Historically, the sheer complexity of the mechanical and electrical systems involved in organs has attracted brilliant minds to the instrument. Many innovations have been made to the organ, including to its interface, tone generation mechanism, and tuning. The instrument therefore serves as a powerful case study in instrument design’s place at the forefront of technological innovation. I hope to use the organ as a platform for developing a deeper appreciation for the relationship between music— or the arts, more generally— and technology.

In regard to my own organ design, historical research on the organ will allow me to gain a greater understanding of organists’ identity as musicians and their relationship to traditional features such as drawbars, stops, foot pedals, and various tuning systems. This understanding is crucial to developing an instrument that sits comfortably within a previously defined musical context. In my research on light-based musical instruments, I will reach all the way back to the era of optical sound film in an attempt to understand the motivation for creating music on such a medium. Optical sound film is a direct corollary to the lithophane disks I am creating; they both use variations in a material’s opacity to generate AC signals on a light sensor. The ability to precisely control music at the level of wavelike fluctuations over time inspired musique concréte composers, such as Edgard Varese and Pierre Schaeffer, to co-opt everyday sounds and splice them together, completely recontextualizing them and flipping our entire understanding of noise and music on its head. In contrast, innovators such as Daphne Oram were more interested in generating sound from scratch using similar techniques. Oram sought complete control of sound at the lowest possible level through the process of hand-drawing waveforms as a means for composition. Clearly, the practice of light-based musical composition and instrument design already has a rich history with diverging viewpoints. Thus, an understanding of the philosophies driving composers who worked with such a medium is crucial to properly placing my work into a broader artistic context. In order to gain this understanding, I will consider how composers and instrument designers working in the intersection of music and the visual arts approach performance with their instruments, present visual materials, and frame the metaphorical relationship between light and sound. This information will help me determine what role the visual component of my light-based tonewheels will play in the overall presentation of the instrument.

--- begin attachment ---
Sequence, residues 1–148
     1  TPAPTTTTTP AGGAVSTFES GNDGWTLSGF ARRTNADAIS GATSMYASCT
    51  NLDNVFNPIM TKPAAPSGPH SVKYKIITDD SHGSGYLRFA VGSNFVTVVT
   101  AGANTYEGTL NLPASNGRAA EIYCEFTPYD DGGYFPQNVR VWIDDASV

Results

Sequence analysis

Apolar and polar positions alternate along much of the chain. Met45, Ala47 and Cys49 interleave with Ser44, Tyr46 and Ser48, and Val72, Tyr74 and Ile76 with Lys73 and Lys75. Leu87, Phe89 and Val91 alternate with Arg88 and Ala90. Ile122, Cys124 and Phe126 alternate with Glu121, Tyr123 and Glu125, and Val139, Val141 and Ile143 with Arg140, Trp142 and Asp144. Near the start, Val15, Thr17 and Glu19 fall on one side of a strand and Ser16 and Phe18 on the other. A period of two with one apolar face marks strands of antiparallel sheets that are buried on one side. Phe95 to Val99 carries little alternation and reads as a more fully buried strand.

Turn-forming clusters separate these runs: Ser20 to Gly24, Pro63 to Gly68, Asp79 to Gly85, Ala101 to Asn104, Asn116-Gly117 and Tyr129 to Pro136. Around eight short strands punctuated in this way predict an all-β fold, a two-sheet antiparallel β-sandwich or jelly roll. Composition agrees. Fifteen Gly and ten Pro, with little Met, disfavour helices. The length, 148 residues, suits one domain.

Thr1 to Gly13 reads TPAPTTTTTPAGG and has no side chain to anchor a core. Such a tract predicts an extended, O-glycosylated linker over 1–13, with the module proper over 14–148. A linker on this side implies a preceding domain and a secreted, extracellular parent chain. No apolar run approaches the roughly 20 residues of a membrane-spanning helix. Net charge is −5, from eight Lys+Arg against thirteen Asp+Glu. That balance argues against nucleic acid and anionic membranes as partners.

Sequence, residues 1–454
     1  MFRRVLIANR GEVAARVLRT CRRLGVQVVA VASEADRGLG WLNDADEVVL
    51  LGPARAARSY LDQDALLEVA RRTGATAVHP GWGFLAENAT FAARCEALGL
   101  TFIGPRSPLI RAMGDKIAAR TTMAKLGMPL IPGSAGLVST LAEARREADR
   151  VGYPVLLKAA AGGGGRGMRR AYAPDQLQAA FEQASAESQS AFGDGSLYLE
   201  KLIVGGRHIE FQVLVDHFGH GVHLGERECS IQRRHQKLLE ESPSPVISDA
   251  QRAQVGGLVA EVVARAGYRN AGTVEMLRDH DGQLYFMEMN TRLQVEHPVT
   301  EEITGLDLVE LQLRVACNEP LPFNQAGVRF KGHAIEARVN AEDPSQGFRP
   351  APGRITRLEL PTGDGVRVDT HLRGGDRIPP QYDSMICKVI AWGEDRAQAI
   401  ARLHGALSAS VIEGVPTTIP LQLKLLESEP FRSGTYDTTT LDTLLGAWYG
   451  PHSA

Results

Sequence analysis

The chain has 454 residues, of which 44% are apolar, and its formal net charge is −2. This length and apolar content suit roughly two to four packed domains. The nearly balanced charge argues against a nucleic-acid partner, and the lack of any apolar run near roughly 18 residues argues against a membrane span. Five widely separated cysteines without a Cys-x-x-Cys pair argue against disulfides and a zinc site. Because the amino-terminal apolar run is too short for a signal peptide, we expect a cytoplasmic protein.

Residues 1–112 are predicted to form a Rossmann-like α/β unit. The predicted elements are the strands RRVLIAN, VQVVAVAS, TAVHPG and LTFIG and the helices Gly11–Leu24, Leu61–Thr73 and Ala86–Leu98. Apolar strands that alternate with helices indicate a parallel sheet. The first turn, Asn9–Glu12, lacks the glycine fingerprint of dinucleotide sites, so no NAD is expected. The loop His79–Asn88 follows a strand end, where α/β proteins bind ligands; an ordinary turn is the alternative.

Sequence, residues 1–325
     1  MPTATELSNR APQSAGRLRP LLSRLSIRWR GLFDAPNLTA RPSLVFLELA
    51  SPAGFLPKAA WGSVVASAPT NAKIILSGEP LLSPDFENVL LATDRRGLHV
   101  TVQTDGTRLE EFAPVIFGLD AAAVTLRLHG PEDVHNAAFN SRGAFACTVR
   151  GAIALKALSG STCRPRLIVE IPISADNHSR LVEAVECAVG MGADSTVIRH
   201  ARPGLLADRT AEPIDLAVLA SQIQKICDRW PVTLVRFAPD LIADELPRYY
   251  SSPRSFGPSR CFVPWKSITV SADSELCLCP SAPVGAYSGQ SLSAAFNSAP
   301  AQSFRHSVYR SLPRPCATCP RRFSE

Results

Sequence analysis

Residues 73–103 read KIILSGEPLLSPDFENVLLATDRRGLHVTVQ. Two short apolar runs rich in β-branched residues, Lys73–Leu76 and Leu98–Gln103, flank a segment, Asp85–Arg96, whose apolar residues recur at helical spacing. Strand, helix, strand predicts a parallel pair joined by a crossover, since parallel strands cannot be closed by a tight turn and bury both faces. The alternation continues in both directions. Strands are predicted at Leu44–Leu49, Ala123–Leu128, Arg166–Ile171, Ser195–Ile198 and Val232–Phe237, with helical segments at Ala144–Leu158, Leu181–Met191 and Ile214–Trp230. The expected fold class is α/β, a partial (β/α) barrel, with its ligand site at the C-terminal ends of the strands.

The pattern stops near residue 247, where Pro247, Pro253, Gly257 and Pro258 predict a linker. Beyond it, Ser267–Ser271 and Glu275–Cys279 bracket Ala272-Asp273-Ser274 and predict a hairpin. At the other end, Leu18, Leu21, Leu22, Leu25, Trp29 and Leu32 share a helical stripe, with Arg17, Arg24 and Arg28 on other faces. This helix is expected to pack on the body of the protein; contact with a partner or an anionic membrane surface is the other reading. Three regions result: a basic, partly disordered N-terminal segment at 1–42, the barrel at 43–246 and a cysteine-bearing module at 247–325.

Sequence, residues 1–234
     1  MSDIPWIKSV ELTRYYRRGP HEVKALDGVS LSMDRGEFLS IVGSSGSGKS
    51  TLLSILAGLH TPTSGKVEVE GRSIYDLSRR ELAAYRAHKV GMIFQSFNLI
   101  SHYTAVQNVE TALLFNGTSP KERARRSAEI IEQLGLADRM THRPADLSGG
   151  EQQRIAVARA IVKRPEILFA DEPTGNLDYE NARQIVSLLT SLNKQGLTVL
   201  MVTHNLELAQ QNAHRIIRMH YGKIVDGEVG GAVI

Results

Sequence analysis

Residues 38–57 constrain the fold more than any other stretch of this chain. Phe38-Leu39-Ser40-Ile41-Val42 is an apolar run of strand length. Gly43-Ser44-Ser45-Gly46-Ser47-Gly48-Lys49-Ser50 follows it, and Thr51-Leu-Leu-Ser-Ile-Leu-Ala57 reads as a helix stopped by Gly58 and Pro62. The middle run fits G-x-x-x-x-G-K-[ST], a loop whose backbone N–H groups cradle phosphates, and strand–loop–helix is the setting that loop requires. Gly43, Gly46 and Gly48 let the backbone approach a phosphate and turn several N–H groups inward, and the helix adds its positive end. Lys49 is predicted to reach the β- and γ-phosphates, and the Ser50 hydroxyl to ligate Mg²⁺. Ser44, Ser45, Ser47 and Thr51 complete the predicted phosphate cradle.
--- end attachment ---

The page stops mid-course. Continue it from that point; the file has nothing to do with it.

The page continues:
As a final deliverable for this project, I will write a paper on my findings in both of these areas and how they contributed to my final design. I will demonstrate the usefulness of practice-based technological research— in my case, the design of a novel musical instrument— in developing a deeper understanding of history and making previously undiscovered connections between discrete histories and technologies. This paper will be submitted to be considered for the 2022 conference on New Interfaces for Musical Expression, held in New Zealand.